((1)) All accepted offers-in-compromise relating to any past or present tax liability of Donald John Trump, the current President of the United States.

((2)) All other “return information…necessary to permit inspection of [the] accepted offer[s]-in-compromise” described in Category 1 of this request. Records responsive to Category 2 include, but are not limited to, “income, excess profits, declared value excess profits, capital stock, and estate or gift tax returns for any taxable year,” as applicable.

Similarly, with respect to the records of business entities associated with the former President, EPIC requested:

((3)) All accepted offers-in-compromise relating to any past or present tax liability of any entity identified in Appendix A [a fifteen-page list of the business entities associated with President Trump] of this request.

((4)) All other “return information…necessary to permit inspection of [the] accepted offer[s]-in-compromise” described in Category 3 of this request. Records responsive to Category 4 include, but are not limited to, “income, excess profits, declared value excess profits, capital stock, and estate or gift tax returns for any taxable year,” as applicable.

The IRS seeks to dismiss the suit, arguing that the FOIA request fails because it falls within Exemption 3 which “allows an agency to withhold records `specifically exempted from disclosure by statute’ if the statute meets certain criteria.”  The court notes that the parties agree that the requested records would fall within the ambit of FOIA but for the exception.  It states:

Thus, whether EPIC has stated a claim turns on whether the records at issue are covered by any of the thirteen exceptions such that the IRS must disclose them, which would in turn subject them to EPIC’s FOIA request. EPIC relies on § 6103(k)(1), which provides that “[r]eturn information shall be disclosed to members of the general public to the extent necessary to permit inspection of any accepted offer-in-compromise under section 7122 relating to the liability for a tax imposed by this title.” 26 U.S.C. §§ 6103(k)(1).

The IRS argues that the exception applies because EPIC lacks the taxpayer’s consent to receive these records and has no qualifying material interest in the records as described in § 6103(e).  EPIC says it doesn’t need consent or a qualifying material interest because of the requirement to make OICs public.  The court states:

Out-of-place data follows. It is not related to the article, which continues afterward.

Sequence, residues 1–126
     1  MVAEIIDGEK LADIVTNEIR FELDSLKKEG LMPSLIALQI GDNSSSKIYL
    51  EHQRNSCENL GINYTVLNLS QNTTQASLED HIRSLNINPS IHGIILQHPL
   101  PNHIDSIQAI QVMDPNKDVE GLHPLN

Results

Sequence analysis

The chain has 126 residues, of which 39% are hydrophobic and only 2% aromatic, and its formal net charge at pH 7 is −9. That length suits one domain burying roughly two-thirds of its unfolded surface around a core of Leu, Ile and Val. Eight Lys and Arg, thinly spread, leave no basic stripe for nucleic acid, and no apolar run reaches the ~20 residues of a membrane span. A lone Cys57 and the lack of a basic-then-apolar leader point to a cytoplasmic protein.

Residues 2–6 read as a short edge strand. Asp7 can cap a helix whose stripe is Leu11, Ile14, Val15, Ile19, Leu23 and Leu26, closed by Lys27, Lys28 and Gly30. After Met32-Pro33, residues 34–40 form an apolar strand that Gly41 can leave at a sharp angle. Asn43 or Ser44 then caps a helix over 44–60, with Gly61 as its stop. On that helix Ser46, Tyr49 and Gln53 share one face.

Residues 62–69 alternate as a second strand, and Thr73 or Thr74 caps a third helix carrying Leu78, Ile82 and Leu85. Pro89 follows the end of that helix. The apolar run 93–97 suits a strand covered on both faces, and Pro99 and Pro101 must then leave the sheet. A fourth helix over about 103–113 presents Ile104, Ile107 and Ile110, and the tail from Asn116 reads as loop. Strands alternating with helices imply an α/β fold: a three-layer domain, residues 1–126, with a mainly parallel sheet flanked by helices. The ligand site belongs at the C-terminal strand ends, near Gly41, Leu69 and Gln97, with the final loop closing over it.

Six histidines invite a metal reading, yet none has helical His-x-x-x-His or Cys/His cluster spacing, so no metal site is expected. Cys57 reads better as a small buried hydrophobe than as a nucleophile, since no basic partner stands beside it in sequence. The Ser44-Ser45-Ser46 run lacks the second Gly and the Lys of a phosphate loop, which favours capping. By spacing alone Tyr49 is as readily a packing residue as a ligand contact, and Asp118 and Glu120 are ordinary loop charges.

There is no basis in the statute’s text or structure to import these requirements into § 6103(k)(1), which, after all, permits disclosure to “members of the general public.”

So, the IRS next argues that (k)(1) does not create a disclosure obligation to produce records to EPIC but the court quotes from the statute that Section 6103(k)(1) states that return information “shall be disclosed to the extent necessary to permit inspection of any accepted offer-in-compromise.”

Next the IRS argues:

that the phrase “to the extent necessary to permit inspection” gives it discretion to decide both the records it must disclose and the means necessary to disclose them. The Court agrees that phrase limits the records the IRS must disclose to those necessary to permit inspection of any accepted offer-in-compromise. But the IRS’s interpretation goes further. In its view, because the Secretary of the Treasury has by regulation established Public Inspection Files and a related non-FOIA in person inspection process—and determined that nothing more is “necessary” under § 6103(k)(1)—the exception does not afford EPIC any disclosure rights under FOIA.

The court disagrees.  It sees nothing in the statute that prohibits disclosure to EPIC and finds also that case law does not support the position that the IRS has no disclosure obligations to EPIC under (k)(1).  It finds that the IRS must disclose information to EPIC “to the extent that information is necessary to permit inspection of an accepted offer-in-compromise.”  The court does, however, make it clear that EPIC cannot receive former President Trump’s tax returns as part of this request.

I don’t know if EPIC received anything in the end.  I would think that if it did we would have learned about it in the popular press.  The case is not important to me as a way to learn the former President’s tax information but as a way of opening a window to offers in compromise generally.  The court does not seem to limit the time frame of the requirement to respond to the request.  So, FOIA might allow a party to obtain offer information beyond the information for only one year provided in the remote and relatively inaccessible reading rooms.  It might allow targeted requests for OIC information regarding individuals or entities but also might allow for broad based information requests that could save someone the time and effort of getting to one of the reading rooms. 

I do not have any projects going where I want to learn about offers the IRS has accepted.  If I did, EPIC seems to have laid out a path for using FOIA to bypass the remote and inaccessible reading rooms.  Hope springs eternal that the IRS might adopt TIGTA’s suggestion to put this information online, but until it does FOIA seems a better path than frequent flier miles.

Making Offers in Compromise Really Public